Senate Majority Leader Russ Decker said on Sunday's "UpFront with Mike Gousha" that job creation will be the continued focus as the Legislature returns to session.
The Center on Wisconsin Strategy reported the state lost more than 163,800 jobs between December 2007 and November 2009 as recession gripped the state and national economy.
Decker, D-Weston, noted that the Legislature tripled the amount of investor tax credits in the last state budget, which he said has spurred some job creation, and that the focus now will be on helping businesses in the state expand through passage of the CORE Jobs Act.
"We're really going to gear it to small businesses in the state of Wisconsin," Decker said.
Decker also said the state has boosted its spending on infrastructure, which is creating construction and construction equipment manufacturing jobs and giving businesses improved infrastructure to use.
"It's our responsibility to keep the roads and the bridges and the airports and the harbors going," Decker said. "Those are all something that makes a better, more safe and efficient transportation system, and those are Wisconsin companies hiring Wisconsin workers."
Decker credited the federal economic stimulus plan with helping to stave off steep budget cuts and defended the state's new requirement that businesses in Wisconsin headquartered elsewhere pay state income tax, saying it is fair and that 87 percent of Wisconsin companies were not affected by it.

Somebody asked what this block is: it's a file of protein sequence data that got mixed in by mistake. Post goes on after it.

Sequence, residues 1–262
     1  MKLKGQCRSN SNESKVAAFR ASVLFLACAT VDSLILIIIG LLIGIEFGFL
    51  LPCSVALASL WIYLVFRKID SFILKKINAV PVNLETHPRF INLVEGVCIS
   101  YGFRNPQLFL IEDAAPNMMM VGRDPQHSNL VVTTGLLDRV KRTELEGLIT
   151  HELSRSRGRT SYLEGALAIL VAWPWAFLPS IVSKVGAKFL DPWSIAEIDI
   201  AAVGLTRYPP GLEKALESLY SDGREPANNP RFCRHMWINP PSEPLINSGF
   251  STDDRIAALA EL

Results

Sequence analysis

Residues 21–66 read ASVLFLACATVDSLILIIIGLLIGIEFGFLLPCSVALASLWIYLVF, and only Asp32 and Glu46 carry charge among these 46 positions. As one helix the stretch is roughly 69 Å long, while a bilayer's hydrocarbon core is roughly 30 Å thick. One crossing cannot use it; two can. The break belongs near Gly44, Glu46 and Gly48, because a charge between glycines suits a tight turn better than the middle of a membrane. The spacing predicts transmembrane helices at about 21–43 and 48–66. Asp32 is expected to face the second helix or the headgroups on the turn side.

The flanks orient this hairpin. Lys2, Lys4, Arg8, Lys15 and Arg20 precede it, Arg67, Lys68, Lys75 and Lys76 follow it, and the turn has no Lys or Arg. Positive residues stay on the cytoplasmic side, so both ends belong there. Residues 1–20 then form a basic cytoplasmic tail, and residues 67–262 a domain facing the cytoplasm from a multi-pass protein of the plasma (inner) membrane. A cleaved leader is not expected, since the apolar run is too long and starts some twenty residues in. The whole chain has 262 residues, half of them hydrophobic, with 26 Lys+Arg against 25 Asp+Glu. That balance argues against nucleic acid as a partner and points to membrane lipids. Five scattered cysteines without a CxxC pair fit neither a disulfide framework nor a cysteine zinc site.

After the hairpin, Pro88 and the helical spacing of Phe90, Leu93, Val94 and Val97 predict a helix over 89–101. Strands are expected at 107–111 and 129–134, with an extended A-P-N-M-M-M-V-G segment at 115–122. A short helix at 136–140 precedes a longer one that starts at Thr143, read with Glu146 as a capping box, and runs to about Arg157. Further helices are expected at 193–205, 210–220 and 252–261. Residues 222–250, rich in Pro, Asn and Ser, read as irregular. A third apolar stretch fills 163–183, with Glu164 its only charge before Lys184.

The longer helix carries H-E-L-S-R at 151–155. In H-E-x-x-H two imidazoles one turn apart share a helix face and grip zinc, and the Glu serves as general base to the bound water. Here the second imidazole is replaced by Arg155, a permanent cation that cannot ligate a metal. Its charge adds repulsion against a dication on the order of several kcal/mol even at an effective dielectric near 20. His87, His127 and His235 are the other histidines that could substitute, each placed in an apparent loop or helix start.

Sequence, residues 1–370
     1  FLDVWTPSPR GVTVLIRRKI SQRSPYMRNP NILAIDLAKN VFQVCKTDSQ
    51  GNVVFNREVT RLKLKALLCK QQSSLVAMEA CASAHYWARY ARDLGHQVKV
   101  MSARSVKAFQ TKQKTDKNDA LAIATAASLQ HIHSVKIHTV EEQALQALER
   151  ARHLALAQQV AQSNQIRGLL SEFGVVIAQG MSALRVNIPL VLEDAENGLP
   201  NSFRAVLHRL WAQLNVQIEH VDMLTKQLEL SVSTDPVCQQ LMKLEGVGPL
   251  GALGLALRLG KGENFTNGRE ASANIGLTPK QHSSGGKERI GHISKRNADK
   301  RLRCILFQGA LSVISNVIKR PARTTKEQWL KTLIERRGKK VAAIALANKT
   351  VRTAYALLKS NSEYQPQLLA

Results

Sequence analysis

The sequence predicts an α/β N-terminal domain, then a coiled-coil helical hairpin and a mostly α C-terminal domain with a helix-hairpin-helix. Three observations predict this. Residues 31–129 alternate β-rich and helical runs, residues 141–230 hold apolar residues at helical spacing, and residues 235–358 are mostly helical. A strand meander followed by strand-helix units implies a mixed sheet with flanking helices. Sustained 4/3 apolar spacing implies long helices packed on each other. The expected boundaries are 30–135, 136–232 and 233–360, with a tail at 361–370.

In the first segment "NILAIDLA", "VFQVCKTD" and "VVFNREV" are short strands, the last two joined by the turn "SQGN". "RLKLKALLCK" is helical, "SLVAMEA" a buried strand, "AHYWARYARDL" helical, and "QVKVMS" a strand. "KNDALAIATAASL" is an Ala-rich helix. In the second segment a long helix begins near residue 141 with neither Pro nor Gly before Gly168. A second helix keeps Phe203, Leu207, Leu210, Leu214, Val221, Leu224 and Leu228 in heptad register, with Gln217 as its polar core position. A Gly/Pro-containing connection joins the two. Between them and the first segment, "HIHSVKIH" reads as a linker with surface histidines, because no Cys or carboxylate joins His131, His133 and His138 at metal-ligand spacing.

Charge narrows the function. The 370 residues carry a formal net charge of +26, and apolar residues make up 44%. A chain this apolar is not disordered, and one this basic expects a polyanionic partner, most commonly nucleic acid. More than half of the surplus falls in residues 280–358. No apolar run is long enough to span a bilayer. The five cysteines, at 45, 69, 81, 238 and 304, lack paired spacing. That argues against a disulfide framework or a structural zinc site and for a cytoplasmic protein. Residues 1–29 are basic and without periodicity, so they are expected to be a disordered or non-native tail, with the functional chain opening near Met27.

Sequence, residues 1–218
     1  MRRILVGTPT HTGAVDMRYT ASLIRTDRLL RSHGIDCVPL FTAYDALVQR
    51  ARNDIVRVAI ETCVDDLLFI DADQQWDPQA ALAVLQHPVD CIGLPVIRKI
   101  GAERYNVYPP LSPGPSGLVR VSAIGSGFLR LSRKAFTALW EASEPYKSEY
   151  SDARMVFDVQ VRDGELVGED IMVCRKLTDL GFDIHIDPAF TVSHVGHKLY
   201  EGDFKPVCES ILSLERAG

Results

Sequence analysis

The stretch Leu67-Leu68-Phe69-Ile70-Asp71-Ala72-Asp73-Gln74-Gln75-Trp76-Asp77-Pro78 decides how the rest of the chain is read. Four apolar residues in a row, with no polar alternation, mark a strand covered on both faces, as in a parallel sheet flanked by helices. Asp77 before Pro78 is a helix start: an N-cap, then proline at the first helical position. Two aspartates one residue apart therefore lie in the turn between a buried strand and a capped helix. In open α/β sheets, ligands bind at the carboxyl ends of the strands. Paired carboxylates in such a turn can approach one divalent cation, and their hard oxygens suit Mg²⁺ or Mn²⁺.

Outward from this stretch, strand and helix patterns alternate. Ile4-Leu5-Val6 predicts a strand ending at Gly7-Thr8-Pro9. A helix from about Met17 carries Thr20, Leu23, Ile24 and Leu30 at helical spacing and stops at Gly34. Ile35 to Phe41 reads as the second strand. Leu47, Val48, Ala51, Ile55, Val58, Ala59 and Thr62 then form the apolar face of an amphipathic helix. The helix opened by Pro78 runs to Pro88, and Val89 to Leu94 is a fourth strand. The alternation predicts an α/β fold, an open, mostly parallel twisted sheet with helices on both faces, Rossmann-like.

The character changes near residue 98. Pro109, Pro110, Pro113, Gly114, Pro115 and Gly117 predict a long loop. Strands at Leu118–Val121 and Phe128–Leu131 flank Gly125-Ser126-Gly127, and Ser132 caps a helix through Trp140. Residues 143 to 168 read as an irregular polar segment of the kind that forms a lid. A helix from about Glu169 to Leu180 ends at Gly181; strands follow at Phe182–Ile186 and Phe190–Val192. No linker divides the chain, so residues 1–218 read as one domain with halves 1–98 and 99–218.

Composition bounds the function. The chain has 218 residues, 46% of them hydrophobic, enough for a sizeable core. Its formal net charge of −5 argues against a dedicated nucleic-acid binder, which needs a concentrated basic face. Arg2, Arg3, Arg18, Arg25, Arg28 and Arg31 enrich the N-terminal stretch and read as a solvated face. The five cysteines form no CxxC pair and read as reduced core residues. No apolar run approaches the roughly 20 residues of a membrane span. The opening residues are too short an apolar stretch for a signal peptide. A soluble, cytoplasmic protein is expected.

Decker said he is "very confident" that Democrats would retain their hold on the state Senate in the face of what some expect could be a rocky year for Dems.
"We're not giving ground to the Republicans on any area," Decker said. "We think we can compete with them on taxes or education or job development or health care. So we think we're on good solid ground."
Also on the program, Democratic gubernatorial candidate and Milwaukee Mayor Tom Barrett discussed what he described as his final major compromise on governance reform for Milwaukee Public Schools.
Barrett's compromise plan retains his original call that the mayor appoint the MPS superintendent, but it would now grant the board veto power over the appointment.
Barrett said the compromise would set up a system of accountability and governance similar to city government.
The plan has been met with a cool reception thus far, and Decker said on the program that legislation to change the district's governance would likely not move forward until there was community support for the idea. At this point, Decker said he believe there are not enough votes in the Senate to pass the measure.